Monday, July 21, 2014

A Pagan Trans March

This is my fourth Trans March. The first year, I came early and listened to all the speakers and musicians and reveled in being around people. That year, Trans March was like a secret in my heart: I knew I was like them, but almost no one else knew. The next few times I went to Trans March, I butched it up. I studied men and the way they moved and tried, if not quite to pass as male, then at least to pass as gender non-conforming. I got "sirred" on the train home. I came out. I walked with my girlfriend and her other girlfriend.

Then I really came out. I changed pronouns. I told my mom. I did some hard internal work. I started getting the occasional "sir" in my everyday life, despite making no attempt to hide my breasts. Kids got confused about my gender. (They're smarter than grown ups about some things.) I settled into my gender on some deep, fundamental level.

This year, when I went to Trans March, it was different. I wore my standard outfit: tight jeans, a white undershirt, and my brown leather jacket, the one that my dad gave me years ago. I also wore a leather mini-skirt over the jeans, and dark eyeliner. And my pentacle necklace. I felt giddy, applying the eyeliner, knowing down to my bones that I didn't need to pass as anything at all. I just was. I just am. I'm genderqueer. It's not my tie or my hair or my cock or my skirt that make me genderqueer. Those are accessories. They're helpful as signifiers, though I mostly combine them in ways that signify "I am outside the binary." They can be a wave to fellow outsiders. But I don't need them to be who I am.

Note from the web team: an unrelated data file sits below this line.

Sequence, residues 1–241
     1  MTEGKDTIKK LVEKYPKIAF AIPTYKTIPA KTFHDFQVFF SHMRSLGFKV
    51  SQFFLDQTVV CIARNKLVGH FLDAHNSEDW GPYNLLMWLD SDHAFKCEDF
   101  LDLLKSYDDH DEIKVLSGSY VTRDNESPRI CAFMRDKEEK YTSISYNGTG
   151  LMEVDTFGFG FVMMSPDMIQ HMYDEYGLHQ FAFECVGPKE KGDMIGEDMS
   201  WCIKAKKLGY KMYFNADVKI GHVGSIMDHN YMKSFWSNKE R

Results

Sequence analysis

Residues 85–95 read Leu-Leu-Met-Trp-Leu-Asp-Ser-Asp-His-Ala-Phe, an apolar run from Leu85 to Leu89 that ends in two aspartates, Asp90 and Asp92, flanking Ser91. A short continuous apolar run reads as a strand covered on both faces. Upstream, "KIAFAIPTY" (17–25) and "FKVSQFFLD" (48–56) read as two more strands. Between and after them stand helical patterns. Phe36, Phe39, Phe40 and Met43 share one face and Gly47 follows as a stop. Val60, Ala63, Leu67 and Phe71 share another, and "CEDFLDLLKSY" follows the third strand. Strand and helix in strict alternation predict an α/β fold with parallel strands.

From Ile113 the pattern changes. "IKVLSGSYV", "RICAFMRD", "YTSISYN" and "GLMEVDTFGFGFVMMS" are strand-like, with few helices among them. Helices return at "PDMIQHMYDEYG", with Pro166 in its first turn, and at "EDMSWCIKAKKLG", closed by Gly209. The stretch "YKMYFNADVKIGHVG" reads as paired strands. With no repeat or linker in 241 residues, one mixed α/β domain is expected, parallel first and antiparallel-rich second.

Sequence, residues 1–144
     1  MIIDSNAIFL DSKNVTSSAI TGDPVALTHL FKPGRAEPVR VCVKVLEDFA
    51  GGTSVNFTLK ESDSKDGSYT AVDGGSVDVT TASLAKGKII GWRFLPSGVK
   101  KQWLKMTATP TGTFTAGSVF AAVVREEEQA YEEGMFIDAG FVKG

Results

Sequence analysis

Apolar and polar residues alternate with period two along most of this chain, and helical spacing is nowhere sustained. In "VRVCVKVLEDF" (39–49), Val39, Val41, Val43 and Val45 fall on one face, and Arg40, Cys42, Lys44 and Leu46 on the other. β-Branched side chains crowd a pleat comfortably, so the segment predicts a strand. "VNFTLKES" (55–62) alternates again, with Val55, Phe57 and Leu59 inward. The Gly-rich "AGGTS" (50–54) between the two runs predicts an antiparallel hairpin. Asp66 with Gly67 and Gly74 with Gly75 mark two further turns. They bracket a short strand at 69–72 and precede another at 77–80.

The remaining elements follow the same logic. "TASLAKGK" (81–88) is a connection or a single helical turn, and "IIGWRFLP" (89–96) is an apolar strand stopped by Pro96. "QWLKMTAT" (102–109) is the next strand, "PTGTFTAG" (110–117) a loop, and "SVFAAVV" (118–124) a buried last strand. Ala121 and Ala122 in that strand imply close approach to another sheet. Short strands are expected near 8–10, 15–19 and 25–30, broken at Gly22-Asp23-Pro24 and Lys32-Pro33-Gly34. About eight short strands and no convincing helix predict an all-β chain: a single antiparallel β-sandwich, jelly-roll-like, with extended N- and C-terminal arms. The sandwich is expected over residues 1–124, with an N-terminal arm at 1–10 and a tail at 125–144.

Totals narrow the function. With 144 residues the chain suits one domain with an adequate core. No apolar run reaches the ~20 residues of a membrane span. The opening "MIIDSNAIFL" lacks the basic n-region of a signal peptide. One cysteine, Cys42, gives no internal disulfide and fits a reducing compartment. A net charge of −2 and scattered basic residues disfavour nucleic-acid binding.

On the way out the door, passing by my Hermes altar, I snatched a feather and came up with two. I left the first at the crossroads near my home, praying for a good march. As we twined through the streets and stalled momentarily in the San Francisco fog, I looked back. I was near the front of the march. We were almost at the top of the hill. Snaking back behind me were hundreds, maybe a thousand, trans folks of all stripes and types. People like me, glittering in the streets. With a laugh, I lifted the second feather high and let it go, letting it fly away in the wind.